While the list of potential causes is extensive, some of the most common issues are listed below;

  • Your biological clock is all over the place due to work patterns and lifestyle issues.
  • Mental health disorders such as depression, anxiety, or paranoia.
  • Physical conditions and side effects caused by medications.
  • Genetics in the case of narcolepsy, for example.
  • Older age, with almost 1 in 2 people over 65 experiencing sleep disorders.

Physical causes can be as simple as oral ulcers while issues like alcohol addiction can lead to sleep disorders too. Similarly, respiratory conditions like asthma can make it hard for your body to relax and reach the pivotal REM and deep wave stages of sleep.

Whatever the source of your sleep disorder might be, gaining a clear diagnosis will be the first step to regaining control.

How to get a diagnosis

If you believe that your symptoms of disrupted sleep, you may wish to invest in some of the most effective  tips for improved sleep patterns. Even if they subsequently work, though, seeking an accurate diagnosis is advised. The results can determine whether you have a sleep disorder, what type of sleep disorder you have, and which treatment plan will manage the situation.

When speaking to your healthcare provider, they will probably ask a series of questions to get a better understanding of your circumstances. You can prepare for this by keeping a diary in the days leading up to your appointment while also taking notes about the past. 

The questions asked may relate to various aspects such as;

  • How often is your sleep disrupted?
  • How long does it take to fall back asleep?
  • Whether or not you work night shifts
  • Which symptoms do you regularly experience.
  • If you have a family history of sleep disorders.

If the doctor agrees that you may have a sleep disorder, you will likely be sent for a polysomnogram (PSG). It is a sleep study that will monitor your brain reactions during a night’s sleep. The data is coupled with the analysis you’ve provided about your sleeping patterns to determine what (if any) sleep disorder is involved.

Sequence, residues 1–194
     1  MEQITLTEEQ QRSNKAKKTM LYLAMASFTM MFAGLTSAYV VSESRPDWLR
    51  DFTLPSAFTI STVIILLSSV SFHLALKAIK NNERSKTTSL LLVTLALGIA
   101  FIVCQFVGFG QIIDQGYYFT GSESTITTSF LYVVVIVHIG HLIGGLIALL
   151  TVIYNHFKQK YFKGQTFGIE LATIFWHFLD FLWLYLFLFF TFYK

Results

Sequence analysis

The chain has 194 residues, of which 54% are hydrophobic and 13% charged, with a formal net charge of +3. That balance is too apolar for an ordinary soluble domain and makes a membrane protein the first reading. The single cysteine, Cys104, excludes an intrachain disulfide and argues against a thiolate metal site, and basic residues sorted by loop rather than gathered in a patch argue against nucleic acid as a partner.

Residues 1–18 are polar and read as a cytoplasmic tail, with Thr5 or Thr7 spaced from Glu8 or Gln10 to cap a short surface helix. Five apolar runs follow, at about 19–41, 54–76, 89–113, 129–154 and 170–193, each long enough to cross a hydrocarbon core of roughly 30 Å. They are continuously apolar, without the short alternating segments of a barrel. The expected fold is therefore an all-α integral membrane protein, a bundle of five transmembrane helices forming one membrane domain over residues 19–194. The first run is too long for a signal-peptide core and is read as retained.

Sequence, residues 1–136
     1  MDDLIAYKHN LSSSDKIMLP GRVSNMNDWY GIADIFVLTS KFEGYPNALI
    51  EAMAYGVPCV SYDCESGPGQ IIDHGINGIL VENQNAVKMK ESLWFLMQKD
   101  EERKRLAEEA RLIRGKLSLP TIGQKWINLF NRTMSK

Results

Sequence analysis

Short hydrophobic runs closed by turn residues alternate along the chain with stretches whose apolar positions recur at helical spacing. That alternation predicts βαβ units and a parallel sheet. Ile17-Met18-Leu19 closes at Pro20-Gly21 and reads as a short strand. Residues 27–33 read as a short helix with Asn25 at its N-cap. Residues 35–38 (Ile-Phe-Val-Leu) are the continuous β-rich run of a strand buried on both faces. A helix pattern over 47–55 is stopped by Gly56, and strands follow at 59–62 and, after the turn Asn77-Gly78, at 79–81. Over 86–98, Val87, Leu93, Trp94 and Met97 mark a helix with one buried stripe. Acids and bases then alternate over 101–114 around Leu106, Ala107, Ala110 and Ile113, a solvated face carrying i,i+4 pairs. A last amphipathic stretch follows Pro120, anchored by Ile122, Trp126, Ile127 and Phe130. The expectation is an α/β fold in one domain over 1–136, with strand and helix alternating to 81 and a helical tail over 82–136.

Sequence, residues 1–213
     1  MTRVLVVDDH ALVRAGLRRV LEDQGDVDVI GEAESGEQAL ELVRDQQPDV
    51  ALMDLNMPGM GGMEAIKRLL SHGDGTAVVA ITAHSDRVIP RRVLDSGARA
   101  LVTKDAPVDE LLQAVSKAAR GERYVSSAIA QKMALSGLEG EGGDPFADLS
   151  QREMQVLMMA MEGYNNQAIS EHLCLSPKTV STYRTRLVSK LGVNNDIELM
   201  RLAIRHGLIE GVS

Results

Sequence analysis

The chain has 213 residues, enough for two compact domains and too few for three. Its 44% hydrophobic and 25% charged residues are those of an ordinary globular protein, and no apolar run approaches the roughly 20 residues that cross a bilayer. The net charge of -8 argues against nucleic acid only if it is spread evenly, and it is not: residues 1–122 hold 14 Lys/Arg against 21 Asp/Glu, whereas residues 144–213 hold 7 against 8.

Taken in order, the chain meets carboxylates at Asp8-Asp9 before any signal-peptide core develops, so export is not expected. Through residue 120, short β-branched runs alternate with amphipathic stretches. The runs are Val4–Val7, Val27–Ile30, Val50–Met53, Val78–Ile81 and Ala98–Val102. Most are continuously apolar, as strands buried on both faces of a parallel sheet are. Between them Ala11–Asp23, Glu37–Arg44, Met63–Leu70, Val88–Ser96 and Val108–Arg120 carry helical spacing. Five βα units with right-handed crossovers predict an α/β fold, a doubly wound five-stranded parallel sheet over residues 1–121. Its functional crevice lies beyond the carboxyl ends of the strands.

How to treat a Sleep Disorder

The exact treatment plan for any sleep disorder will be determined by the type of disorder as well as the individual circumstances. However, most patients can expect to receive at least one of the following;

  • Counseling to implement behavioral changes that can consequently help you identify and manage the symptoms that commonly cause you to suffer a bad night’s sleep.
  • Medications that can manage your mindset before sleep while also providing the placebo effect to help you drift off to sleep. Supplements can also keep your body and mind at ease during the night.
  • Lifestyle changes because losing weight, adopting a sleep schedule, and a change of sleeping environment can make a significant improvement. The rewards can be seen within days.

The type of treatment isn’t the only thing that can vary greatly from one patient to the next. Durations are also heavily influenced by circumstances, including the individual’s response to the treatment.

If you have problems sleeping at night, take this sleep quiz for a customized sleep improvement plan. 

Fix My Sleep Quiz